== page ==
Right alongside Kentucky Fried Chicken, basketball has proven to be one of the most popular exports from the States. So it comes as no surprise that the first ever NBA team to come to China is an event worthy of celebration.
Marking the thirty year anniversary of the Washington Wizards’ (then called the Bullets) historic trip, members of the 1979 team are returning to the Middle Kingdom for an honorary tour. Wes Unseld, Captain from the ’79 Bullets team, will be joined by current Wizards Caron Butler and Randy Foye, as well as former Bullet Gheorghe Muresan. The group will celebrate their return by hosting basketball clinics while touring through the country.
Much has changed since then: Deng Xiaoping issued the initial invitation as a cultural exchange, centered on a goodwill exhibition game with the Chinese National team. But the Bullets were less than enthused about the trip: the Washington Post has a good article on the progress of basketball in China in the past thirty years, including some pretty funny anecdotes.
From Washington Post:
When Abe Pollin led the NBA’s first venture into China in the summer of 1979, not every member of the Washington Bullets shared the team owner’s enthusiasm. As players and their wives poured off a bus to take in the splendor of the Great Wall, Elvin Hayes and Dave Corzine refused to budge.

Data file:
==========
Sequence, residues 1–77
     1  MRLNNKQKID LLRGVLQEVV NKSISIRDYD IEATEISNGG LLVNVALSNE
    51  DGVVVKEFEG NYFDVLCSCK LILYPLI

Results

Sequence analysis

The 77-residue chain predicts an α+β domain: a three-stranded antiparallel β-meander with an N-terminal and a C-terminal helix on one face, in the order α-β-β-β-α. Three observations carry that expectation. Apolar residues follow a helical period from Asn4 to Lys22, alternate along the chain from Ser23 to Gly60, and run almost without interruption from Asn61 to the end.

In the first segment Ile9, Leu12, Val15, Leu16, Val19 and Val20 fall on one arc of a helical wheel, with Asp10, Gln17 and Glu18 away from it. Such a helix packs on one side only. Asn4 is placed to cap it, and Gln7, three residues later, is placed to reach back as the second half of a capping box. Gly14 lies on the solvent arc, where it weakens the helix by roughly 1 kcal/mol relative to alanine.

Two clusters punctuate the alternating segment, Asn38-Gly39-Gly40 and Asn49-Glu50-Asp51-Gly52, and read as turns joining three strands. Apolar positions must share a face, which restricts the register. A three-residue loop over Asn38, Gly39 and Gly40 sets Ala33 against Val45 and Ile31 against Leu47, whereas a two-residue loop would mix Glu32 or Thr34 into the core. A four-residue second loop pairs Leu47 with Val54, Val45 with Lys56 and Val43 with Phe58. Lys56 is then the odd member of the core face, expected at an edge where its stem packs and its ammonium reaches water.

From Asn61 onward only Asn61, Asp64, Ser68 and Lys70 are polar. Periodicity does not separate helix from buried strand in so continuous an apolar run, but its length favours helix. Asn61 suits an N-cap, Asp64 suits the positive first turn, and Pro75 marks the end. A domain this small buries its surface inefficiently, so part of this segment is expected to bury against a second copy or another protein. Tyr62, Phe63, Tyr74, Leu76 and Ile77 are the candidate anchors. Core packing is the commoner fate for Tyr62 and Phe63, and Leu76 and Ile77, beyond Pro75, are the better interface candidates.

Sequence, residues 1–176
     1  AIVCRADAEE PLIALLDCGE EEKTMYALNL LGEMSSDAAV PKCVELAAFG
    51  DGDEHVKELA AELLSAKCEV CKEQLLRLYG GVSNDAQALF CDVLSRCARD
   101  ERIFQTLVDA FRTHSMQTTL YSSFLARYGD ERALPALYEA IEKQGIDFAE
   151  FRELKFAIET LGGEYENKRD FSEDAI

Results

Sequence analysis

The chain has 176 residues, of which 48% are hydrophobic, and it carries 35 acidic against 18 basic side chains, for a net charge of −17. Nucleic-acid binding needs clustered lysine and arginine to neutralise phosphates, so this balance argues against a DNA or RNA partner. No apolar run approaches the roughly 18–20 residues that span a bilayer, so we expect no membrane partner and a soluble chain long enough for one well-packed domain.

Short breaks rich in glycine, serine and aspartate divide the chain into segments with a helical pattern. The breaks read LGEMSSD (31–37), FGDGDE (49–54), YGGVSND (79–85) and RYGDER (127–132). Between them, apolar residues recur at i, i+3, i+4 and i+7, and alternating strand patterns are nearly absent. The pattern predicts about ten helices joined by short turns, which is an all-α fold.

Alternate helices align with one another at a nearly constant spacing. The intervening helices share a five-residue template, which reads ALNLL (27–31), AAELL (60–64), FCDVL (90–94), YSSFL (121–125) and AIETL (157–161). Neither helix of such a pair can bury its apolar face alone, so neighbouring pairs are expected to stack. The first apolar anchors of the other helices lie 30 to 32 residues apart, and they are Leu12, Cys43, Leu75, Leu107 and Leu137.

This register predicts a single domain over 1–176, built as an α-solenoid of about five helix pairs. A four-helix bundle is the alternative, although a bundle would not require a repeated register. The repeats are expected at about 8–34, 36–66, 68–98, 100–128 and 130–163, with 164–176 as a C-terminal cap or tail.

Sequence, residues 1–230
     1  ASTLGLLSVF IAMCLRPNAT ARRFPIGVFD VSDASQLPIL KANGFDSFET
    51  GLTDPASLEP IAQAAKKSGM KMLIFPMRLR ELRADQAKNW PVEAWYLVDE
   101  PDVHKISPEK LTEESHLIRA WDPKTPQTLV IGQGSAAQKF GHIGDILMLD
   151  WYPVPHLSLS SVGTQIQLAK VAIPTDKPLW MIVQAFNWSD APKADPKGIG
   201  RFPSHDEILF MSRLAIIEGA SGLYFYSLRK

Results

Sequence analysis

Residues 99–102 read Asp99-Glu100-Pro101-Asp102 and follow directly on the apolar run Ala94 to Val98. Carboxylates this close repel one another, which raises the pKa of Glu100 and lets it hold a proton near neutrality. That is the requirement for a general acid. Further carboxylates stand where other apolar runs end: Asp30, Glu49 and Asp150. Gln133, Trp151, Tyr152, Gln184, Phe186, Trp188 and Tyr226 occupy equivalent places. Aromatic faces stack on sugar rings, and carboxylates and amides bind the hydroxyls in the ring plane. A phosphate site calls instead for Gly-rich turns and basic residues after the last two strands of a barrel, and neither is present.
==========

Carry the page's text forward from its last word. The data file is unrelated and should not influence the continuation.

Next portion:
Pollin peered back and asked Hayes if he was coming. “I’ve seen a big wall before, Mr. Pollin,” Hayes told him. Wes Unseld tried to persuade Hayes by telling him the wall was the only man-made structure that can be seen from outer space. To which Hayes responded, “I’m never going into outer space.”
Despite the unsportsmanlike attitude of some of their players, that kind of trip at such a critical juncture in the opening of China was commendable. We found a great highlight reel of the historic tour, but you’ll need a way of accessing Youtube from behind the Great Firewall. We’ve been using itshidden.
Now NBA stars make China a regular stop on their world publicity tours, seeking to infiltrate a booming market of avid Chinese fans. Basketball has replaced soccer as the most popular sport for youths, and even the Forbidden City has a court for guards to play during breaks. Unlike the ’79 tour, this upcoming visit is more of a PR stunt than anything groundbreaking.
They come at a good time though – after China’s national basketball team was crushed by Iran in the Asian Championship Final this month. With Yao Ming injured and a young, inexperienced coach at the helm, someone’s got to help the Chinese national team learn the international way of ballin’. We suggest another, flashier basketball exchange for the next round of tours-cum-clinics: the Harlem Globetrotters!
Photos from the Washington Post and China Daily